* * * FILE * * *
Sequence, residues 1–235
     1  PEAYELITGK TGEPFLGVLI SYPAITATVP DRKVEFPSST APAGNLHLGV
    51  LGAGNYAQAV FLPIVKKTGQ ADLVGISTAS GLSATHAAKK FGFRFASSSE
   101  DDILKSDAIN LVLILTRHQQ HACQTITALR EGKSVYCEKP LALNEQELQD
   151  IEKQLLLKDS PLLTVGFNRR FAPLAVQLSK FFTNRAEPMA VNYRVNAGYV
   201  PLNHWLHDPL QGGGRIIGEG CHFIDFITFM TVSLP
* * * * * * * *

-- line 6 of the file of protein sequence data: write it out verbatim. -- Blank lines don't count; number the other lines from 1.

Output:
   201  PLNHWLHDPL QGGGRIIGEG CHFIDFITFM TVSLP